Auto Insurance is required by law for drivers in most states. Drivers who own a car and drive it often should definitely have auto insurance to cover the risk of damages to their car and personal injury and the liability of harm to other people and property. Otherwise, repairs and medical costs, particularly when you’re liable for an accident, can be very expensive.

If your car is worth more than $3,000 and/or is less than 10 years old, we'd also suggest both collision and comprehensive coverage, too. Our estimates suggest drivers can buy comprehensive and collision insurance for an average of $600 to $700 per year (however, the cost may be higher for some cars), so you would spend $3,000 to $3,500 in premiums over five years. If your car is currently worth less than $3,000, you will have spent more on insurance than your car is worth. You can obtain the estimated value of your car from sites like Kelley Blue Book and Edmunds. Once you have both the value and a quote for coverage, you can determine whether collision insurance will be worth it.
There isn’t a definitive answer to the question, “which company is the cheapest?” Some companies are cheaper than others, plain and simple, but individual details of your driving profile can affect which companies offer you the cheapest rates. For example, while Nationwide wasn’t the cheapest for a driver with a clean record, it was the relatively cheap for a driver following an at-fault accident. The best way to find cheap car insurance is to compare as many companies as possible using your driving profile.
Averages are based on full coverage for a single 40-year-old male who commutes 12 miles to work each day, with policy limits of 100/300/50 ($100,000 for injury liability for one person, $300,000 for all injuries and $50,000 for property damage in an accident) and a $500 deductible on collision and comprehensive coverage. This hypothetical driver has a clean record and good credit. The rate includes uninsured motorist coverage.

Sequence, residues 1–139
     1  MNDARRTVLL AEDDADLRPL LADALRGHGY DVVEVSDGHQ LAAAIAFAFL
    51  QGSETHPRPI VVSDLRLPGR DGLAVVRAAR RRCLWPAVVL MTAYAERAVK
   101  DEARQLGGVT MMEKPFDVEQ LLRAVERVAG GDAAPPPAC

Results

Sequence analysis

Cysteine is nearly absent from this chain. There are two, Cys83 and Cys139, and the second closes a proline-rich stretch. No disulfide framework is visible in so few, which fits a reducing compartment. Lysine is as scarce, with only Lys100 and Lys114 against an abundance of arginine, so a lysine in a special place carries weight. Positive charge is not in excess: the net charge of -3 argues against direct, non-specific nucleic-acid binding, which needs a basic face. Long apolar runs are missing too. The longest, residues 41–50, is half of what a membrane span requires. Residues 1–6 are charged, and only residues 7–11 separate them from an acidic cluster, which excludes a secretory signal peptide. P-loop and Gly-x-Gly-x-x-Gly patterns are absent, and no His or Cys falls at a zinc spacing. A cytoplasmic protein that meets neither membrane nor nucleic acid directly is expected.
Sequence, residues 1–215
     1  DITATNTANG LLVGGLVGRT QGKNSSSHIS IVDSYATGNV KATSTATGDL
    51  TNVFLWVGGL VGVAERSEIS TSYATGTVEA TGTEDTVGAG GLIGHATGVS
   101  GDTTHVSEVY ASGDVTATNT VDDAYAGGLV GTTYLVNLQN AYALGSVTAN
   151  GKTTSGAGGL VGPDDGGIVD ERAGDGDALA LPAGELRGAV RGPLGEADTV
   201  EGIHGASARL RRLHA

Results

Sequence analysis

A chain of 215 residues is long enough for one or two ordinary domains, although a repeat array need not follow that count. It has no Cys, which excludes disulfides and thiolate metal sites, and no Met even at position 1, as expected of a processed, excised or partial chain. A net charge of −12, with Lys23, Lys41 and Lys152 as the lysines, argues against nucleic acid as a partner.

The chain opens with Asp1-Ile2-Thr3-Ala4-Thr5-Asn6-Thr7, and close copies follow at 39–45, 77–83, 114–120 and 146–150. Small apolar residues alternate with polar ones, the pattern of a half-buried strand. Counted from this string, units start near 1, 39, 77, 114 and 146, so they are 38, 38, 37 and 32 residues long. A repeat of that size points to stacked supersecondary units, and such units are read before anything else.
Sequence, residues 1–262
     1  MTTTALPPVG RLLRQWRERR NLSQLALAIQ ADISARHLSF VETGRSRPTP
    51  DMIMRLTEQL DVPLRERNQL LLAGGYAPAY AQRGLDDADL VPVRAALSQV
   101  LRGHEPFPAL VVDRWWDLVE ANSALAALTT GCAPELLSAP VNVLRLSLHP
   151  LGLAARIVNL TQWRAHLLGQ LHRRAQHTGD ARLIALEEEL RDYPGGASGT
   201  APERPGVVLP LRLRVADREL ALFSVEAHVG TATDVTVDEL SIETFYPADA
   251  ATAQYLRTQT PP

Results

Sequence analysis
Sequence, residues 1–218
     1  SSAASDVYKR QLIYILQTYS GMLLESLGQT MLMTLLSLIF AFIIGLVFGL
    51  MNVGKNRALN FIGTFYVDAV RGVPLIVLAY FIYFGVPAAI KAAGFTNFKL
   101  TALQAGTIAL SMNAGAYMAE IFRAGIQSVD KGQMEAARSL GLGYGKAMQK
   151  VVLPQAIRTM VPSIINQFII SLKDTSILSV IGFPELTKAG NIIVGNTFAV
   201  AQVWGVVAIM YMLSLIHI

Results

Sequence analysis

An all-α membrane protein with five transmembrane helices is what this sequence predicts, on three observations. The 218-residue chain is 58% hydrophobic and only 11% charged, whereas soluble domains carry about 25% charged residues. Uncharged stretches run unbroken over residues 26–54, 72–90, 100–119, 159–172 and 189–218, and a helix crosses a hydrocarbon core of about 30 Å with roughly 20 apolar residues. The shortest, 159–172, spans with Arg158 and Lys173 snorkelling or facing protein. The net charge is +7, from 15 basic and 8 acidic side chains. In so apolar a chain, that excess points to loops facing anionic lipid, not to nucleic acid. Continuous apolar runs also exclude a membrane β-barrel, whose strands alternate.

Allstate is more reasonable in terms of pricing, and came out cheapest for drivers under 25 according to our quotes. Both J.D. Power and Consumer Reports readers rated it just a hair lower than State Farm overall, but at the top for claims satisfaction. So we were puzzled to see its complaint index was the highest by far among the top five, and the only one considered above average for all Texas insurers. Since the most common consumer complaint is that payments are too low, it seems likely that Allstate is stingier in its claims determinations than most companies. Its financial strength, while not quite top-tier, is good enough that you’ll never have to worry about getting paid; the bigger question is whether you’ll be satisfied with the amount.
The most popular term life insurance option on the market, the 20 year term policy provides longer coverage than its shorter-term 10 year counterpart, though it comes with higher annual rates. These policies are usually recommended for young families who often have large debts and expenses, like mortgages and school loans, that would become extremely burdensome if the breadwinner of the family happened to die unexpectedly. Twenty years is typically long enough for the family to substantially pay down these debts and reduce the potential risk of someone else having to foot the bill should something happen. Take a look at the average cost by Rate Class below:
Looking at a 20-year term life insurance policy (the most popular option) worth $500,000, we've determined what the average annual rates are for individuals between the ages of 25 and 65. One of the clear takeaways from the table: it's expensive to smoke. Smokers on average will pay an average of 260% higher premiums for their life insurance policies than non-smokers. This disparity is greatest for those between the ages of 40 and 55, with 40-year-old smokers paying over three times as much for their life insurance as non-smokers, while 25-year-old smokers pay only twice as much.